Israeli leaders on Monday condemned members of an elite military intelligence unit as “criminal” for signing a letter last week declaring their refusal to spy on Palestinians, local media reported.
Signatories to the letter, which was published on Thursday, said they took “moral” issue with the extent of military surveillance carried out on residents in the West Bank and Gaza Strip.
The letter stated: “We, veterans of Unit 8200, reserve soldiers both past and present, declare that we refuse to take part in actions against Palestinians and refuse to continue serving as tools in deepening the military control over the occupied territories.”
Unit 8200 – which does not require court approval to spy on Palestinians, but does for Israelis – collects personal information sometimes used to coerce Palestinian citizens into collaborating with the Israeli military or government, members said.
The intelligence gathered plays a key role in coordinating airstrikes against Palestinian targets, which often result in civilian deaths, and serves to prolong Israel’s military occupation of Palestinian territories, the signers added.
But Israeli leaders on Monday dismissed the letter as part of a subversive political agenda and called for criminal sanctions against the signatories.
Minister of Defense Moshe Yaalon requested the military chief of staff to define those who signed the letter as “criminal” in comments made at a cyber-security conference in Tel Aviv, Israeli news website Arutz Sheva reported.
“Their refusal is politically, not morally, motivated … those who signed this [refusal document] will be treated as criminals,” Yaalon said.
Israel Defense Forces (IDF) spokesman Brig. Gen. Motti Almoz said in a Facebook statement on Sunday that “the disciplinary treatment would be sharp and clear” for those who signed the letter, Haaretz reported.
“There is no place for refusal in the IDF. There are arguments and there are political stances,” Almoz said.
Israeli Prime Minister Benjamin Netanyahu joined the outcry, accusing the soldiers of “baseless slander” at the same cyber-security conference Yaalon attended.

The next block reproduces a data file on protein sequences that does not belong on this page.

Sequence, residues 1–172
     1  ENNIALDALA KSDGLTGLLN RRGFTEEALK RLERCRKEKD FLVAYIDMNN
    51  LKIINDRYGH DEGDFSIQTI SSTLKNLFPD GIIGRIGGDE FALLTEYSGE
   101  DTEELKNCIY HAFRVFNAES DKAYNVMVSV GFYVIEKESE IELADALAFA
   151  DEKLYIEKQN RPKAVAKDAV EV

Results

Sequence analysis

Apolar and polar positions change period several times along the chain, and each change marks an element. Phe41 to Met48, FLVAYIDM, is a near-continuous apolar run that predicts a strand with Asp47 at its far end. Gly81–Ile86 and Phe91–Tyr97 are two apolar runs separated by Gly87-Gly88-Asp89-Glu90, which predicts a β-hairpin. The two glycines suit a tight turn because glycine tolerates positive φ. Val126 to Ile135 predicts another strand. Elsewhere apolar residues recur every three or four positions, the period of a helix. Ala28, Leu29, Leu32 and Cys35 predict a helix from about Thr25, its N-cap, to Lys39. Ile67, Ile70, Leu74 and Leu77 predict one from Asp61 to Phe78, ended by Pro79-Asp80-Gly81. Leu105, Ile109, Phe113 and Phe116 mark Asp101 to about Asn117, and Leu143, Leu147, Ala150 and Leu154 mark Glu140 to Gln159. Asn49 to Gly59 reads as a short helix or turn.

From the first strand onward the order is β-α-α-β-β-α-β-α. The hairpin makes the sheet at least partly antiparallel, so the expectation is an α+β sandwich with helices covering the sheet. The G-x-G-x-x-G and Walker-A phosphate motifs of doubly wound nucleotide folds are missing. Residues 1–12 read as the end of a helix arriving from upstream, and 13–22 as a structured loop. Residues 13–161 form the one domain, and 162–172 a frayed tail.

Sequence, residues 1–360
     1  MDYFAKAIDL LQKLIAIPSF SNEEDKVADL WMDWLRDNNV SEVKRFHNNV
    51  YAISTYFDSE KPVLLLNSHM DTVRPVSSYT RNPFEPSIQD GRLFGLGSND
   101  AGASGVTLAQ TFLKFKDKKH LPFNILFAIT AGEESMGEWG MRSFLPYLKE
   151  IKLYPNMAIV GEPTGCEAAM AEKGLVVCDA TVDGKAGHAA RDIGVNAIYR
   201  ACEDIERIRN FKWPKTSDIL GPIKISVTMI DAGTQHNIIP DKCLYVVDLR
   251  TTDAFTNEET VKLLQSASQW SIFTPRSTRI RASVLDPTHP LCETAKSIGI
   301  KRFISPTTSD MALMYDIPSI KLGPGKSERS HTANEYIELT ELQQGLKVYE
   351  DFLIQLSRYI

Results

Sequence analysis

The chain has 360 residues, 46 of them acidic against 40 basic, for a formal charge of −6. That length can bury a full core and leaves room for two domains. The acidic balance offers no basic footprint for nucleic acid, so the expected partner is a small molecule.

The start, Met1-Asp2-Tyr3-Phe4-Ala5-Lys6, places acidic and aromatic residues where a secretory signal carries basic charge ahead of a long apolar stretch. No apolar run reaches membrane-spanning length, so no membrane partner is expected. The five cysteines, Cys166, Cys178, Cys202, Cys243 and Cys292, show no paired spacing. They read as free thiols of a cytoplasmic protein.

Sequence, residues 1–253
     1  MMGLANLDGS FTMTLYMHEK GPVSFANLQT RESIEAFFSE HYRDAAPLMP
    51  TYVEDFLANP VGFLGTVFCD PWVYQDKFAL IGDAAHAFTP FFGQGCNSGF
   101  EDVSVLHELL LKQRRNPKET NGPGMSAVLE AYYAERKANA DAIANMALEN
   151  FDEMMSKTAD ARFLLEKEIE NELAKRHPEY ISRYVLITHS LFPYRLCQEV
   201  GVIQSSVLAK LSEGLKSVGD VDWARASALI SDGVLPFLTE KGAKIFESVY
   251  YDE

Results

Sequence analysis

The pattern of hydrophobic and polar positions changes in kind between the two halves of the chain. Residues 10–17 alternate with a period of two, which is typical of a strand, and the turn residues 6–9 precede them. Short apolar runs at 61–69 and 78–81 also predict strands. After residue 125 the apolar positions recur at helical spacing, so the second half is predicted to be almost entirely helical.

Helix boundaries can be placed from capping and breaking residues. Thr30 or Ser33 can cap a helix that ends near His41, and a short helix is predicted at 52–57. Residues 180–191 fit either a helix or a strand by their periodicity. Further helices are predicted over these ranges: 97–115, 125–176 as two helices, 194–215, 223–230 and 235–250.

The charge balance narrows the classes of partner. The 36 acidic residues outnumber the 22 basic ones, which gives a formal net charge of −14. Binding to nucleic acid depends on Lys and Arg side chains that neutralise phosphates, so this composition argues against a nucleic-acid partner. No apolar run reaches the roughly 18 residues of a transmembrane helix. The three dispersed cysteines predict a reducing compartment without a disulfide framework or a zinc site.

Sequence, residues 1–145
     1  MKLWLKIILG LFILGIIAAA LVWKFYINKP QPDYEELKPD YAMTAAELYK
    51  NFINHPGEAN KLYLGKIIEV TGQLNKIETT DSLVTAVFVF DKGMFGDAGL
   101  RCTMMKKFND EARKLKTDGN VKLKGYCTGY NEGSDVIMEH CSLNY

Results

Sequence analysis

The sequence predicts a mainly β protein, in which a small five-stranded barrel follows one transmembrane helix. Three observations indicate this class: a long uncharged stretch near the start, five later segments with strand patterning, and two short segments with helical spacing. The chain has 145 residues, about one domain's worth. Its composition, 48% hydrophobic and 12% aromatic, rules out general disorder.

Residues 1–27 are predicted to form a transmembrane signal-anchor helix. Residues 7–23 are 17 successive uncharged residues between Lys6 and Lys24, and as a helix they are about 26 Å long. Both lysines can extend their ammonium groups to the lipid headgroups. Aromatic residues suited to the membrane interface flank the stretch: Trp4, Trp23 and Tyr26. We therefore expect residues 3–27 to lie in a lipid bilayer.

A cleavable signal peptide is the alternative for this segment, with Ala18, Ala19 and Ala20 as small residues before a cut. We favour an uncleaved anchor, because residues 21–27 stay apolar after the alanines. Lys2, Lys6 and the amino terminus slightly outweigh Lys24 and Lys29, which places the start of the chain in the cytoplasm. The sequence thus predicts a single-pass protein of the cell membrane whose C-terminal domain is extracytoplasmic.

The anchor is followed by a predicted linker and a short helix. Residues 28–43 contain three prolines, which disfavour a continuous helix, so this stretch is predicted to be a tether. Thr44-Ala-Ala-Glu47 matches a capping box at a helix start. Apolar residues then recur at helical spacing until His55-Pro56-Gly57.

“This is an act that should be condemned … and that constitutes political exploitation of the IDF,” Netanyahu said.
Previous “refuseniks,” as Israelis opposed to military service in the occupied Palestinian territories are commonly known, have been jailed during combat operations and publicly vilified, but never criminalized. Those who signed the letter said they were careful to consult with lawyers beforehand to avoid criminal charges.
But Israeli commentators noted that in this case, the refuseniks had not simply voiced opposition to isolated events, such as airstrikes on civilians, but instead posed a critique of the occupation itself.
“This time we are not talking about soldiers and officers … who are refusing to pull the trigger, or about pilots refusing to drop bombs from the air. This time we are talking about a refusal to monitor millions of Palestinians who have been under occupation since 1967. This time we are talking about a refusal to accept the routine life in the territories,” an editorial by analyst Shimon Shiffer in Israeli news website Ynet read.
The controversial letter explained: “The Palestinian population under military rule is completely exposed to espionage and surveillance by Israeli intelligence. It is used for political persecution and to create divisions within Palestinian society by recruiting collaborators and driving parts of Palestinian society against itself.”
Signers said personnel are instructed to save any damaging personal details discovered about Palestinians — including sexual preferences, infidelity, or any weaknesses that could be exploited to force them to work with Israeli intelligence as collaborators, the Guardian reported.
The refuseniks clarified that their objection was unrelated to Israel’s latest war in Gaza, which left over 2,100 Palestinians and 72 Israelis dead, and destroyed much of the territory’s infrastructure.
“We were worried that this action would be seen only as a response to the war in Gaza, and it is important to us to make it clear this is about the ‘normal’ situation [of the occupation],” a signatory identified as “D” said in an interview with various outlets.
In 1967, the Gaza Strip and West Bank, including East Jerusalem, were captured by Israel and placed under military occupation. Residents of the occupied territories, unlike Israeli citizens, are subject to a different set of laws some of the refuseniks called immoral.
“Our decision as individuals that we morally can't continue to participate in these actions,” D said in the interview.
Another signatory, identified as “Nadav,” 26, said in the same interview: “In Israeli intelligence regarding Palestinians, they don’t really have rights … It’s not [like] Israeli citizens, where if you want to gather information about them you need to go to court.”
Israel has in recent years seen similar statements by a small number of conscientious objectors among military reservists, as well as an Oscar-nominated documentary, “The Gatekeepers,” in which former directors of the Shin Bet domestic intelligence agency concluded that the occupation was unsustainable.
“What the IDF does in the occupied territories is ruling another people,” Nadav added. “One of the things you need to do is defend yourself from them, but you also need to oppress the population. You need to weaken the politics, you need to strengthen and deepen your control of Palestinian society so that the [Israeli] state can remain [there] in the long term … We realized that that’s the job of the intelligence.”
With wire services